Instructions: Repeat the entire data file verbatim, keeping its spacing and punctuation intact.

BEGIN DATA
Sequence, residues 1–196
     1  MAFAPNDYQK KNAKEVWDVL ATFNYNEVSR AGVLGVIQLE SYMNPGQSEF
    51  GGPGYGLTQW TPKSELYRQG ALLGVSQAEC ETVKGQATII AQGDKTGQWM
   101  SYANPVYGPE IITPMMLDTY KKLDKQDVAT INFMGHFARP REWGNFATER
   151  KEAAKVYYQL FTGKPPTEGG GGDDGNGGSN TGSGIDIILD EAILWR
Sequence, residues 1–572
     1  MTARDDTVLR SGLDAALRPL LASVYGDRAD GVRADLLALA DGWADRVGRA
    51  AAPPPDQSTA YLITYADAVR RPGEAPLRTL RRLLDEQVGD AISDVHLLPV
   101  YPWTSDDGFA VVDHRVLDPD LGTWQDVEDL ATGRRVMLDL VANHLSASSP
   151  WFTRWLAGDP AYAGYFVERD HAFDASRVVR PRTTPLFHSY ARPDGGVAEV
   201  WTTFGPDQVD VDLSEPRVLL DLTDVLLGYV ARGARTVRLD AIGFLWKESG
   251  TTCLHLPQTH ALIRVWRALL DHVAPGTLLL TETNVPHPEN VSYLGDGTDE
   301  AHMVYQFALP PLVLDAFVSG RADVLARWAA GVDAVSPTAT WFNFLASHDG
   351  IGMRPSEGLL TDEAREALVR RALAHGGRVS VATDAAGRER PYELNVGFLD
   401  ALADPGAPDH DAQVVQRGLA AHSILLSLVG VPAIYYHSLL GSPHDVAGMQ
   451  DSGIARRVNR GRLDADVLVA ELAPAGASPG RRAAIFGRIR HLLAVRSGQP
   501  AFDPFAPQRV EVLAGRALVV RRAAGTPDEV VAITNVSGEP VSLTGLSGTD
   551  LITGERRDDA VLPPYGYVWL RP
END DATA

Sequence, residues 1–196
     1  MAFAPNDYQK KNAKEVWDVL ATFNYNEVSR AGVLGVIQLE SYMNPGQSEF
    51  GGPGYGLTQW TPKSELYRQG ALLGVSQAEC ETVKGQATII AQGDKTGQWM
   101  SYANPVYGPE IITPMMLDTY KKLDKQDVAT INFMGHFARP REWGNFATER
   151  KEAAKVYYQL FTGKPPTEGG GGDDGNGGSN TGSGIDIILD EAILWR
Sequence, residues 1–572
     1  MTARDDTVLR SGLDAALRPL LASVYGDRAD GVRADLLALA DGWADRVGRA
    51  AAPPPDQSTA YLITYADAVR RPGEAPLRTL RRLLDEQVGD AISDVHLLPV
   101  YPWTSDDGFA VVDHRVLDPD LGTWQDVEDL ATGRRVMLDL VANHLSASSP
   151  WFTRWLAGDP AYAGYFVERD HAFDASRVVR PRTTPLFHSY ARPDGGVAEV
   201  WTTFGPDQVD VDLSEPRVLL DLTDVLLGYV ARGARTVRLD AIGFLWKESG
   251  TTCLHLPQTH ALIRVWRALL DHVAPGTLLL TETNVPHPEN VSYLGDGTDE
   301  AHMVYQFALP PLVLDAFVSG RADVLARWAA GVDAVSPTAT WFNFLASHDG
   351  IGMRPSEGLL TDEAREALVR RALAHGGRVS VATDAAGRER PYELNVGFLD
   401  ALADPGAPDH DAQVVQRGLA AHSILLSLVG VPAIYYHSLL GSPHDVAGMQ
   451  DSGIARRVNR GRLDADVLVA ELAPAGASPG RRAAIFGRIR HLLAVRSGQP
   501  AFDPFAPQRV EVLAGRALVV RRAAGTPDEV VAITNVSGEP VSLTGLSGTD
   551  LITGERRDDA VLPPYGYVWL RP